Advertisers have long used handsome men to hawk their wares. In the 20th century, marketers who realized that women did a majority of the household shopping created dashing spokesmen, such as the Arrow Shirt Man, to appeal more to the ladies than the menfolk. And certainly advertising has played an integral role in the male beauty culture that has skyrocketed in the past 20 years, too. In fact, some scholars and experts trace men's heightened attention to self and—more importantly—how they appear to others back to a single, revolutionary image from 1982.
Talk to a group of teen boys, and they'll probably tell you that, sure, they'd like to have the swoon-inducing sex appeal of Justin Bieber, Taylor Lautner, or whomever is playing the newest iteration of the Degrassi High heartthrob. But do they want to look like them, immaculately styled and toned to the max? No way, bro.
While mulling over the male quest for muscularity a few posts ago, I brought up the notion of the "sanitized ideal" that has recently become de rigueur for the mainstream masculine body image. We're talking hair-free, sweat-free, odor-free; in other words, the same unrealistic standards peddled to women for so long, à la leg and underarm shaving. And like the hairless female ideal, it isn't just the most visible fur that men are tending to these days; statistically, men groom their pubic hair more than any other type of body hair (sans beards).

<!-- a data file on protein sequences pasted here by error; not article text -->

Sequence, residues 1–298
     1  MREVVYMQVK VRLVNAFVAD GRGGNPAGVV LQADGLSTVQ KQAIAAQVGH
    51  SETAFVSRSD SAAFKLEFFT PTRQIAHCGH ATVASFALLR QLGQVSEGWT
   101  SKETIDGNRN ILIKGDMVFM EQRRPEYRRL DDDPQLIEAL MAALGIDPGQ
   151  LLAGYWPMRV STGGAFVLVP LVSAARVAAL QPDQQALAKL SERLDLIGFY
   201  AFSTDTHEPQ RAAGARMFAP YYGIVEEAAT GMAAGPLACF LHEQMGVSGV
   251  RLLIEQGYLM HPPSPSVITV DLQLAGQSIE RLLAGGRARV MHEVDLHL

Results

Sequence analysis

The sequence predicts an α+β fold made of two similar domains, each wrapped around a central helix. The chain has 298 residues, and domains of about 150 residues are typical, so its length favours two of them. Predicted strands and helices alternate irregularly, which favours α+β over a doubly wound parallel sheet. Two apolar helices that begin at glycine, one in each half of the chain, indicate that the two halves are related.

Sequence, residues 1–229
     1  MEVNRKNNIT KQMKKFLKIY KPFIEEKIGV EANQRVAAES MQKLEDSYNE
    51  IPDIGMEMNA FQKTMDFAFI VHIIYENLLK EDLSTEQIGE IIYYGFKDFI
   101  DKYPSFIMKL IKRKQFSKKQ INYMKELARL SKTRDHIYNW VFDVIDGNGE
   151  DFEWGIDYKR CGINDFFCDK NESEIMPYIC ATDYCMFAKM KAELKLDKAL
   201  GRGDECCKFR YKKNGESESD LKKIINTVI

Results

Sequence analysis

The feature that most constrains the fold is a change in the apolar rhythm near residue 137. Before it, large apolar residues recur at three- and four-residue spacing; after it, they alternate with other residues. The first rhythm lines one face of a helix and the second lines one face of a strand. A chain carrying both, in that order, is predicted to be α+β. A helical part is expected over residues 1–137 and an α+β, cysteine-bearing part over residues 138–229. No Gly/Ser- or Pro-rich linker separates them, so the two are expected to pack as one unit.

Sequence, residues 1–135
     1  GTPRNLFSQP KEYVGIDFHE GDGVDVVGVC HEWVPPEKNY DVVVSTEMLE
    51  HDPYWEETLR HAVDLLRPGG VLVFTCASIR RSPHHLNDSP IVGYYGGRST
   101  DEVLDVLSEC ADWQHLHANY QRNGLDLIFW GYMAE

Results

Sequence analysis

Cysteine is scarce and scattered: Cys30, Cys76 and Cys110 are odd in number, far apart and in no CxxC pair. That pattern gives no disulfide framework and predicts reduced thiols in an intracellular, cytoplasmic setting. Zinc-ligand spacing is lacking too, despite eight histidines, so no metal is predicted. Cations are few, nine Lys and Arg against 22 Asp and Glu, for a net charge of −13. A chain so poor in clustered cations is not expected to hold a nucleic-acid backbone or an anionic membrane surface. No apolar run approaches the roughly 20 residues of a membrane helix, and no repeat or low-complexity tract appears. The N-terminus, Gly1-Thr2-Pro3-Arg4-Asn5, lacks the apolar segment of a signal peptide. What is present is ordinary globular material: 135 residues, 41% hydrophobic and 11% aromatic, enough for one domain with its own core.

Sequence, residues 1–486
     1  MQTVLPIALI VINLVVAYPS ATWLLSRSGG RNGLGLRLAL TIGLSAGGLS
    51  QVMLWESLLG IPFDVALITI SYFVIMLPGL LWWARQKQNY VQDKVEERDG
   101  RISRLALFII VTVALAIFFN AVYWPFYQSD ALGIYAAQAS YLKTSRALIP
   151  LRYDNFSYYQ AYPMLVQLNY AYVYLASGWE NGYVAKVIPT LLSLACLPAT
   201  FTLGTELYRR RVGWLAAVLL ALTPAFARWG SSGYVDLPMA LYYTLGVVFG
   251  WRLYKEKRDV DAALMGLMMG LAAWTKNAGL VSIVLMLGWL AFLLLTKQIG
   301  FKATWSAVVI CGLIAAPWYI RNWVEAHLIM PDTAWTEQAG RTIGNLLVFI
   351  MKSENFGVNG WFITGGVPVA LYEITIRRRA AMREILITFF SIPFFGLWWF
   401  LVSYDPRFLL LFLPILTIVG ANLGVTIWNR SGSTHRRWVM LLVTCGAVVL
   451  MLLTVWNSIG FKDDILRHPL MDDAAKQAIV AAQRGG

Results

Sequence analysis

Before I got too much farther in "Isn't He Lovely," I figured it would be a good idea to chat with a male about this whole "male beauty" business. Hugo Schwyzer is a proud feminist, the Gender and Sexuality Editor over at The Good Men Project, and a professor of history and gender studies at Pasadena City College. Schwyzer fielded questions about how the beauty myth applies to young men these days, how body image standards affect non-white and non-straight men, the intersection of male grooming and dress, and the modern male's latent fear of developing "man boobs."
While I'm dubious that the Western female body ideal can be reliably found within in the pages of Playboy, a similar evolution has occurred in the sister (?) publication, Playgirl. A team of psychologists calculated the body mass index (BMI) and fat-free mass index (FFMI) of 115 Playgirl centerfolds and found that, lo and behold, the supposed male body ideal has changed as well. But instead of getting thinner, the boys have bulked up.